The connection between what we say and how we feel has been known for hundreds if not thousands of years. Philosophers like Wittgenstein, Heidegger, and Gadamer all knew of the importance and significance of language in our lives. Wittgenstein said, The harmony between thought and reality can be found in the grammar of the language.

The good news is, studies have continually found that positive self-talk can dramatically improve mood, boost confidence, increase productivity, and more. Much more. In fact, as evidenced by Professor Hart and his studies, it can be one of the key components to a happy, successful life.

The bad news is, the reverse is also true: Negative self-talk can not only put us in a bad mood, it can leave us feeling helpless. It can make small problems seem bigger—and even create problems where none existed before. Here’s the breaking news: your self-talk is fucking you over and in ways you can’t even begin to imagine.

With all of this in mind, let’s get one thing clear: Even though this is a book about using the right language to improve your life, I’m NOT suggesting you suddenly take on positive thinking or personal affirmations.

Those subjects have been done to death with varying degrees of success and are certainly not what we’ll be doing here.

I won’t ask you to tell yourself you’re a tiger as a way to unleash your inner animal. Firstly, you’re not a tiger and secondly, well, you’re not a tiger. This all may work for some people, but I’m much too Scottish for that. To me, being told to do these sorts of things feels like being force fed a bucket of maple syrup liberally sprinkled with bits of last year’s candy canes. Thanks but eh, no thanks.

For all my positives out there, sorry but we’re taking this baby in another direction! This book is designed to give you an authentic leg up—one that feels genuine and right for you and can propel you into greater levels of your true potential.

THE DIFFERENCE BETWEEN SUCCESS AND FAILURE

If human emotions largely result from thinking, then one may appreciably control one’s feelings by controlling one’s thoughts—or by changing the internalized sentences, or self-talk, with which one largely created the feeling in the first place.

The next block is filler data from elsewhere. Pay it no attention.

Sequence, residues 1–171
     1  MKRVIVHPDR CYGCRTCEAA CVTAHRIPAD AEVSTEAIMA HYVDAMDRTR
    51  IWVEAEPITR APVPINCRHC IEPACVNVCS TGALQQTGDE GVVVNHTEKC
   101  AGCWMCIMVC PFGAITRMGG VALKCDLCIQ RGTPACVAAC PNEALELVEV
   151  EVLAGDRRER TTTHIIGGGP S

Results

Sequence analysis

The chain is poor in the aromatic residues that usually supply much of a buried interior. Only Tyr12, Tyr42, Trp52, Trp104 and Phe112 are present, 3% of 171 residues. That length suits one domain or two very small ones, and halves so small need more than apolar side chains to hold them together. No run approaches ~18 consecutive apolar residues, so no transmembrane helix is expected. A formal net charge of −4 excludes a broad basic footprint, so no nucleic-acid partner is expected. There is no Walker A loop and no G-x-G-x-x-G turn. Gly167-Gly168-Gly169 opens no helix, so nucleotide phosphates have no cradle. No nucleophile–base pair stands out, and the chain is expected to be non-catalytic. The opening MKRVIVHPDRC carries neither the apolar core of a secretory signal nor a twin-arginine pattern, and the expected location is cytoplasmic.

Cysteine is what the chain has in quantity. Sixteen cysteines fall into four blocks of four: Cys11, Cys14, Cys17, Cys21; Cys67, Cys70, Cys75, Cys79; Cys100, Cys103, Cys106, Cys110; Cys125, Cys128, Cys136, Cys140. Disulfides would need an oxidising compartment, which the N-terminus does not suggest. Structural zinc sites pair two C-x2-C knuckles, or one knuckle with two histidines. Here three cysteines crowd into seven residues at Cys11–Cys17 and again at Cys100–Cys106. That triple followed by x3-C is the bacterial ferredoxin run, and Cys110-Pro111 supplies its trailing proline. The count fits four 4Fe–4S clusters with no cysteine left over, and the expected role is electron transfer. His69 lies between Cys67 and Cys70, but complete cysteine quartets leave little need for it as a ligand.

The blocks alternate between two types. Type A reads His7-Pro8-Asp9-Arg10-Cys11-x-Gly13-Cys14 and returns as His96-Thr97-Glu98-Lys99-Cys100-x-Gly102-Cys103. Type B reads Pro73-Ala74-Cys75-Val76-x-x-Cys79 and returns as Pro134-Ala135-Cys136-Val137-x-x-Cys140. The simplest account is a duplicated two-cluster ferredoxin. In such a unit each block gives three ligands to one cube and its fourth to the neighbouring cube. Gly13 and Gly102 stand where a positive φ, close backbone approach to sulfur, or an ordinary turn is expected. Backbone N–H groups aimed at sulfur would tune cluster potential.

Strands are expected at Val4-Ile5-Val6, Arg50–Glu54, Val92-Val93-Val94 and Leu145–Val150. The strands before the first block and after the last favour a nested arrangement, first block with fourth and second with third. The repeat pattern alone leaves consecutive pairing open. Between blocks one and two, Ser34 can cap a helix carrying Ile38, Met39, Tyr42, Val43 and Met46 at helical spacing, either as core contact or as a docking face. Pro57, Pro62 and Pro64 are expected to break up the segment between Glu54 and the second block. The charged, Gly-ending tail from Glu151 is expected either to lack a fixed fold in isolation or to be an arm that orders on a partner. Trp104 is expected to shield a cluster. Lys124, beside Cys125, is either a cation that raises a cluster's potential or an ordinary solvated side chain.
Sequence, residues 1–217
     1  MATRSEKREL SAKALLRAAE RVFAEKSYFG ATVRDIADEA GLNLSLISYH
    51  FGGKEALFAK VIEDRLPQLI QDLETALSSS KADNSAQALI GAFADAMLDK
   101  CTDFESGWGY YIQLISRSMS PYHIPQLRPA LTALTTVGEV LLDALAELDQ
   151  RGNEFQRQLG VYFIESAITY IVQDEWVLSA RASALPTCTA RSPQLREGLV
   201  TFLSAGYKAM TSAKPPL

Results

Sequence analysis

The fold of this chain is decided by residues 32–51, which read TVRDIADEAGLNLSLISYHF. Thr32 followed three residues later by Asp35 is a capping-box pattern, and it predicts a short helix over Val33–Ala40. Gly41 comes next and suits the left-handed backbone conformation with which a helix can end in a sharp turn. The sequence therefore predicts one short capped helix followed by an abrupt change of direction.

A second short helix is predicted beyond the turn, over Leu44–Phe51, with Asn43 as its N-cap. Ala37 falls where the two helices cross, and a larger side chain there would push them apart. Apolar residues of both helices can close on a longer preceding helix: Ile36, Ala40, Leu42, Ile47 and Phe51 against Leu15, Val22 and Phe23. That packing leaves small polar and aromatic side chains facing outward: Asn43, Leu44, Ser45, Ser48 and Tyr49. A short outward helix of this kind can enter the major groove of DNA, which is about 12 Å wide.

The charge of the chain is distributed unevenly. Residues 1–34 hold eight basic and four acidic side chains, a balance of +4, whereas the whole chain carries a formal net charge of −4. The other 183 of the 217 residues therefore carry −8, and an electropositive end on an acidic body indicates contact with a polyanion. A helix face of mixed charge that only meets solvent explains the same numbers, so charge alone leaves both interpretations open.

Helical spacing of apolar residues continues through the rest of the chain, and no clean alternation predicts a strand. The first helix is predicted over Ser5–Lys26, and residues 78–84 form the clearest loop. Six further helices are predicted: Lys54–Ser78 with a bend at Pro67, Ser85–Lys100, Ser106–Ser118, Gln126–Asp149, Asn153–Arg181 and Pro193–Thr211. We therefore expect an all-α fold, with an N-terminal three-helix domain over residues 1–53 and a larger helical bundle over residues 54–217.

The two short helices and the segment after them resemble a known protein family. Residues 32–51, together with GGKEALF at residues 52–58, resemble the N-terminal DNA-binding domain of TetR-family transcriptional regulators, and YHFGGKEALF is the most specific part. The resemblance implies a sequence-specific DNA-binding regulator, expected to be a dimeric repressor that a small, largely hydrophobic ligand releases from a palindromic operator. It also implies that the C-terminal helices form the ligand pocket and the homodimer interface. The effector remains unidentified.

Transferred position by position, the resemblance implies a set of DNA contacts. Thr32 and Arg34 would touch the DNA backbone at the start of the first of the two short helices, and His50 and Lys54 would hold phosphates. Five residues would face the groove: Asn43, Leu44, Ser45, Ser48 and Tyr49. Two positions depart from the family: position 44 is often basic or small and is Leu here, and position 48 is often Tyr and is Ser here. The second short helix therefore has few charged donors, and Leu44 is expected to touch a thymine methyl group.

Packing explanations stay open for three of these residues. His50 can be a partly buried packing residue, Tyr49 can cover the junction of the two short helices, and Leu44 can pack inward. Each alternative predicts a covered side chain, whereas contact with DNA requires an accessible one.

That quote comes from Albert Ellis, one of the forefathers of modern psychology. Ellis found that how we think and talk about our experiences shifts the way we feel about them. In short, our thoughts are bedfellows with our emotions.

Ellis also found that the way we think can often be completely irrational.

Consider how many times you’ve told yourself something like, I’m so stupid, I always mess things up, My life is over, or some negative description of an event like, This is the worst thing that’s ever happened to me.

Raise your hand if you’ve ever completely overreacted to something that, in hindsight, barely registered on the important-o-meter? Okay, put your hand down, people are watching and you’re starting to look a bit silly. If you look back you’ll see that in the instant before that seemingly random overreaction, you had a flash of outrageous self-talk, BANG! . . . and off you go with your good self.

Some of the things we say and do aren’t always particularly rational but we seem to say and do them anyway! In addition, we never really see what we are leaving ourselves with or the emotional residue of engaging in even the mildest of negative self-talk.

You see, it’s not always dramatic self-talk, sometimes it’s subtle but equally disempowering. If you’re working on something, you might think, This is so hard. What if I don’t finish in time? or worry about all the different ways you can mess up, which leaves you in an anxious or worried state. Sometimes negative self-talk leads to anger, sadness, or frustration that manifests in different or seemingly unrelated situations.

This kind of self-talk doesn’t make your life any easier. The more you tell yourself how hard something is, the harder it will actually seem. Unfortunately, since we are constantly listening to a steady stream of our automatic inner thoughts and have become so accustomed to the critical voice in our heads, we often don’t realize how negative thoughts impact our mood and behavior in any given moment and, as a result, we end up doing—or not doing—things our rational minds want us to do.

For a simple example, take a moment to think about the daily chores you dread the most, all because you’ve built them up in your mind to be something worse than they really are. We sometimes avoid simple things like folding laundry and unloading the dishwasher, when they actually take little time and effort. With enough of these little persistent items hanging around it’s easy to collapse them in with the bigger, more important things until we find ourselves overwhelmed or exhausted by life.

Why do we resist certain things in our lives? We have a personal conversation about those kinds of tasks that is